Highlights from

ACC 2019

American College of Cardiology Annual Scientific Session & Expo

New Orleans 16-18 March 2019

Patients with polyvascular disease significantly undertreated with lipid lowering therapies

Lowering of low-density lipoprotein (LDL) has been shown to reduce cardiovascular (CV) events and all-cause mortality in patients who suffer from atherosclerotic disease [1]. Patients with polyvascular disease in particular have a significantly higher rate of major adverse cardiovascular events than patients with coronary artery disease (CAD), peripheral artery disease (PAD), or cerebrovascular disease alone. Despite strong guideline recommendations and clinical trial data, many patients are unable to receive adequate LDL lowering therapy, which results in excess CV risk.

Peterson et al. aimed to determine the LDL treatment patterns over time in patients with polyvascular disease in the USA. In the multicentre, observational Getting to an Improved Understanding of Low-Density Lipoprotein Cholesterol and Dyslipidemia Management (GOULD) Registry of atherosclerotic cardiovascular disease patients on lipid therapy, baseline treatment was assessed by medical chart review at participating clinical sites across the USA for 5,006 patients and stratified by evidence of polyvascular disease, i.e. vascular disease in ≥2 vascular bed (CAD, stroke or transient ischaemic attack, carotid artery stenosis, or PAD).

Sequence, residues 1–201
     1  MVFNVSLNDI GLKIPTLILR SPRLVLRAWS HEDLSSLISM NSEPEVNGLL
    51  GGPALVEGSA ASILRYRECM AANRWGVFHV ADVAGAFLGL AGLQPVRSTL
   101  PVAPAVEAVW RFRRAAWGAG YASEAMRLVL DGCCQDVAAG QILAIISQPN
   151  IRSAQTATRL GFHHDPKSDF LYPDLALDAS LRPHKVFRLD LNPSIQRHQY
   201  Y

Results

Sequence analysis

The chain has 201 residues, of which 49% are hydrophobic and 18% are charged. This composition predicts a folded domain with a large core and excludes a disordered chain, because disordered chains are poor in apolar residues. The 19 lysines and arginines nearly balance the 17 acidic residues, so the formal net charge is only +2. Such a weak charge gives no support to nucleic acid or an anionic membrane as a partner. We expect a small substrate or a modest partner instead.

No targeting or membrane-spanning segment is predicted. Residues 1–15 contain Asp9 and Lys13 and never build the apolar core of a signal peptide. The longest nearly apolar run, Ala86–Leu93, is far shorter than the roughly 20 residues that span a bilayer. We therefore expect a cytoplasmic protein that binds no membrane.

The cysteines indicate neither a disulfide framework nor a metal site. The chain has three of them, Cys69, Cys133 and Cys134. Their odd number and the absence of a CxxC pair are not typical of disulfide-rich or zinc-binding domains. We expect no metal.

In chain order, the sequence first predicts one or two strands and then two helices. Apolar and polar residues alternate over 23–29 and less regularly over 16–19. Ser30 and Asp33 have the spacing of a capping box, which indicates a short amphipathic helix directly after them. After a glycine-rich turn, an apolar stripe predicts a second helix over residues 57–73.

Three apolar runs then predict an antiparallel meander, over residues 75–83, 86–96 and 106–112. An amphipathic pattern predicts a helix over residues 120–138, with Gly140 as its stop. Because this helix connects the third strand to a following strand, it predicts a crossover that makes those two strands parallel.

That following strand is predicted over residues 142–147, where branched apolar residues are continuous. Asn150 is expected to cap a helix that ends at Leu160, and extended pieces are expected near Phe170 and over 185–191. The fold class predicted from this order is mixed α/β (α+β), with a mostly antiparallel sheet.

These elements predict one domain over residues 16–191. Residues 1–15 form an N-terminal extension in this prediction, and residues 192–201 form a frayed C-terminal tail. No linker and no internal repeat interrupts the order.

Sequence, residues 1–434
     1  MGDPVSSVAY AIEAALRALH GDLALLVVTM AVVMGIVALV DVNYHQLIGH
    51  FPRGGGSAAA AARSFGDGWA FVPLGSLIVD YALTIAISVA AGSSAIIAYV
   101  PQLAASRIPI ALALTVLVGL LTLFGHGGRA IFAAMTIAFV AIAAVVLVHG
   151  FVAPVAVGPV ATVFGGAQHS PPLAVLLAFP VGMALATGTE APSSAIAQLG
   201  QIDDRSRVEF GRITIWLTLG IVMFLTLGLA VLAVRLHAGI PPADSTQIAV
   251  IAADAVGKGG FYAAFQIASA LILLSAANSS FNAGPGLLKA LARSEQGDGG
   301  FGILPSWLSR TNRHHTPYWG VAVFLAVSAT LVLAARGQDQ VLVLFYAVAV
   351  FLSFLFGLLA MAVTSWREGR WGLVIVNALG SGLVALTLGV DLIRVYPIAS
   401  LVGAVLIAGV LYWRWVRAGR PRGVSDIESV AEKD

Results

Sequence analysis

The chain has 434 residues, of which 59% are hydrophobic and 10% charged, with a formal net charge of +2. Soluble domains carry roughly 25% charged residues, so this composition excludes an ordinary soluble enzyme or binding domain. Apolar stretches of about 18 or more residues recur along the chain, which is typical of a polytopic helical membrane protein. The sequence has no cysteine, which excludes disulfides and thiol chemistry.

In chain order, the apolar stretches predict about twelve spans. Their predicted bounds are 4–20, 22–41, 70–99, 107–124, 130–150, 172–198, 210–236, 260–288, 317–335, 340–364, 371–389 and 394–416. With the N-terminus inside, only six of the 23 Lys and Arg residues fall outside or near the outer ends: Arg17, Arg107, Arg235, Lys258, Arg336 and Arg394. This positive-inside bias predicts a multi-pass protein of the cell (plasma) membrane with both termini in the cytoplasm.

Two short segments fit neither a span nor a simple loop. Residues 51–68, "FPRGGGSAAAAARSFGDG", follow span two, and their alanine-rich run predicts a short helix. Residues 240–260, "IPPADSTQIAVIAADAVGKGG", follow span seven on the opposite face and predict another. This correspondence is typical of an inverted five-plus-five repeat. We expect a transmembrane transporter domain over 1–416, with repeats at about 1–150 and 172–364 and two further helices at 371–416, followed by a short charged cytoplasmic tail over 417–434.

Of these patients, 16.7% had polyvascular disease; median baseline LDL-C was 90 mg/dL (IQR, 77-114). At baseline and among the 96 patients on proprotein convertase subtilisin/kexin type 9 (PCSK9) inhibitors, 32.3% were on statins and 20.8% were on ezetimibe. Of the 315 patients with an LDL of ≥100 mg/dL, 88.6% were on statins, 32.7% were taking a high-intensity statin, and 10.5% were on ezetimibe. Of the 422 patients with an LDL of 70 to <100, 96.2% were taking a statin, 47.4% were taking a high-intensity statin, and 8.1% were taking ezetimibe (see Figure).

Figure: Baseline statin intensity stratified by group [1]


These findings led to the conclusion that patients with polyvascular disease as observed in this cohort study are undertreated with lipid lowering therapies. Two-thirds of the patients in this cohort were treated with only a single LDL-lowering agent, despite harbouring a median LDL cholesterol level of 90 mg/dL. In this respect, it needs to be noted that according to the latest lipid guidelines, a goal of 70 mg/dL is recommended in this high-risk group. This untreated margin of LDL cholesterol may represent excess CV risk for a large segment of the US population with polyvascular atherosclerotic disease.

keywords: low-density lipoprotein, cardiovascular, atherosclerotic disease, polyvascular disease, coronary artery disease, peripheral artery disease, GOULD

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